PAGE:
The disastrous earthquake and tsunami that hit northern Japan on March 11, 2011, drew the immediate attention and sympathy of the international community. Successive meltdowns and malfunctions at the Fukushima nuclear power plants heightened global concern and the disaster continues to unfold one year later with no end in sight. The Fukushima disasters present challenges not only to the Japanese people and nation-state, but to the world at large.
This symposium, “The Lessons of Fukushima,” will reflect on this continuing tragedy and the world’s response. What can we learn from Fukushima? What is our collective responsibility as educators, activists, and citizens in the face of this natural and human tragedy? In presenting this symposium, we seek to identify and learn from the global lessons of Fukushima.
Scholars, community advocates, students, citizens, and government representatives are coming together on February 24-25 from Japan, Canada, and the U.S. to share knowledge and perspectives on the broad theme of “The Lessons of Fukushima.” We intend the symposium to function as a vehicle for education and collaboration.
Linda Isako Angst
Assistant Professor of Anthropology at Lewis & Clark College of Arts & Sciences.
Associate Professor of Law and Director of the Clinical Law Program at the Willamette University College of Law where she teaches International Children’s Rights and the Child and Family Advocacy Clinic. She frequently publishes in both academic and mainstream publications on issues impacting children. Professor Binford previously lived in Tokyo.
Studied Social Anthropology at University of Buenos Aires (BA), and East Asian Studies at University of Salamanca (MA). Past and present research interests include ethnic minorities in contemporary Japan, the commodification of mountains in South America and Southeast Asia, and risk perceptions related to global nuclear energy policies. He currently serves as a coordinator for the Contemporary Japanese Studies Program at Waseda University, Tokyo.
Majia Holmer Nadesan
Professor of Communication studies at Arizona State University. She has published 3 books exploring the politics of life in the contexts of autism, childhood, and neoliberal government.
Has a Ph.D. in Anthropology from the Graduate Center of CUNY.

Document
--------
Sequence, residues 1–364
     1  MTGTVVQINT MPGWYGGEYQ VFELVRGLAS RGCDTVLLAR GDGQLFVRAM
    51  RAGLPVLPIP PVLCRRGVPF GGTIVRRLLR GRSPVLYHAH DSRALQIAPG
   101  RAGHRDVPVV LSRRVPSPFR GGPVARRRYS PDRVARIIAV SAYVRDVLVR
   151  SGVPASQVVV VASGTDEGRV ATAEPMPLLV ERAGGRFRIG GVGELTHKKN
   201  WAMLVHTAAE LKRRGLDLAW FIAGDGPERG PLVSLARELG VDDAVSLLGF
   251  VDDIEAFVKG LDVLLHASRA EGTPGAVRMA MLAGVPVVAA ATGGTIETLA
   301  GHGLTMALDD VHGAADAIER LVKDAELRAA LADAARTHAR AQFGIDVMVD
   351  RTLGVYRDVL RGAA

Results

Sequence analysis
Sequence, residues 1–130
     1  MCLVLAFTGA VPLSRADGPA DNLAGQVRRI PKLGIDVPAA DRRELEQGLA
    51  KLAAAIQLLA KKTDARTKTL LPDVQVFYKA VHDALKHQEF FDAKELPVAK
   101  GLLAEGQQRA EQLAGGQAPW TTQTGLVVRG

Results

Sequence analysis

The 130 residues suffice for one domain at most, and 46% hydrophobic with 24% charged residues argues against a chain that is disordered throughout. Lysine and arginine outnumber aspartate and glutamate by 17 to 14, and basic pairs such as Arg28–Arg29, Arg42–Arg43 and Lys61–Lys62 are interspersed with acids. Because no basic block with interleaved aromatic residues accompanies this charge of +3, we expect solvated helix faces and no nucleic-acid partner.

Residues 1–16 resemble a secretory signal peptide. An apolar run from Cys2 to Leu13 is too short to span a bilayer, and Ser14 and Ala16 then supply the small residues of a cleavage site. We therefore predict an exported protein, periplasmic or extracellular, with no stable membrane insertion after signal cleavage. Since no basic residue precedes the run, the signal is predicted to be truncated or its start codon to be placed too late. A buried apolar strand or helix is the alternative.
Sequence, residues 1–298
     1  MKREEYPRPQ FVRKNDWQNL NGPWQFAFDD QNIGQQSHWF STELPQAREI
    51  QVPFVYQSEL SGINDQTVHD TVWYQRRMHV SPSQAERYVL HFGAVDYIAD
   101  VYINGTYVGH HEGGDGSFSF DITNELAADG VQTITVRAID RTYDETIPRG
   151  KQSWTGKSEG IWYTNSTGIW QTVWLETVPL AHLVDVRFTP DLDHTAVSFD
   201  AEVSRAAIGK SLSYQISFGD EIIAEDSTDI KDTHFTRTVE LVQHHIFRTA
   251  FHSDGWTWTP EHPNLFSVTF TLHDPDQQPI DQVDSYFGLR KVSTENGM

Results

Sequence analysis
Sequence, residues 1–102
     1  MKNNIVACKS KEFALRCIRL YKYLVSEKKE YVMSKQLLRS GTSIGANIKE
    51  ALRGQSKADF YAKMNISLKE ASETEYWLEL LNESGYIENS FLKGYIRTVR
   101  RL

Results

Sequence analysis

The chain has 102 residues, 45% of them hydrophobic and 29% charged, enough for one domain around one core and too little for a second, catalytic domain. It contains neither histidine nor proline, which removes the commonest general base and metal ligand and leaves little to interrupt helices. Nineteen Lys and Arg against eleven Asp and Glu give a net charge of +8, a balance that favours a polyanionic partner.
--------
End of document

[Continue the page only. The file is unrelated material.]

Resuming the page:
Vice-President of the International Institute of Concern for Public Health (IICPH), a non-for-profit organization based in Toronto, Ontario. She has a B.A. in Mathematics and Physics and M.A. in Medical Biophysics, from the University of Toronto. A former professor of mathematics at Seneca College in Toronto, Ontario and Senior Fellow at York University, Faculty of Environmental Studies, she is an environmental activist and researcher working on air pollutants, toxics chemicals in particular, mercury, and nuclear issues. She has been working on raising public awareness about the health and environmental effects of all aspects of the nuclear chain and has recently written a series of articles “On the Yellowcake Trail” for the magazine Watershed Sentinel. Amongst other nuclear-related activities, she is participating in efforts to oppose Ontario Power Generation’s proposal to build four new nuclear reactors at Darlington, refurbish other reactors and the development of a Deep Geological Repository for nuclear waste.
Brett L. Walker
Regents Professor at Montana State University, Bozeman, and Research Specialist and Visiting Professor at the University of Minnesota, Twin Cities. He specializes in Japanese environmental history, the history of human health, and the history of East Asian science. His books include The Conquest of Ainu Lands: Culture and Ecology in Japanese Expansion, 1590-1800 (2001), The Lost Wolves of Japan (2005), and Toxic Archipelago: A History of Industrial Disease in Japan (2010). He has also co-edited books on Japanese environmental history, including Japan at Nature’s Edge: The Environment of a Global Power, forthcoming from the University of Hawai’i Press.
Prof. Katsuya Endo
Tokyo International University,Professor of Education
Vice President(2001~2009),Special Advisor to the President(2010~)
Keio University(M.Ed),Seattle University(M.Ed)
International Christian University(ICU:completed doctoral course)
Prof. Endo was born in Fukushima city and enjoyed Fukushima until 18 years(high school).
This website updates the latest news about the Fukushima nuclear plant and also archives the past news from 2011. Because it's always updated and added live, articles, categories and the tags are not necessarily fitted in the latest format.
I am the writer of this website. About page remains in 2014. This is because my memory about 311 was clearer than now, 2023, and I think it can have a historical value. Now I'm living in Romania with 3 cats as an independent data scientist.
Actually, nothing has progressed in the plant since 2011. We still don't even know what is going on inside. They must keep cooling the crippled reactors by water, but additionally groundwater keeps flowing into the reactor buildings from the broken parts. This is why highly contaminated water is always produced more than it can circulate. Tepco is planning to officially discharge this water to the Pacific but Tritium is still remaining in it. They dilute this with seawater so that it is legally safe, but scientifically the same amount of radioactive tritium is contained. They say it is safe to discharge, but none of them have drunk it.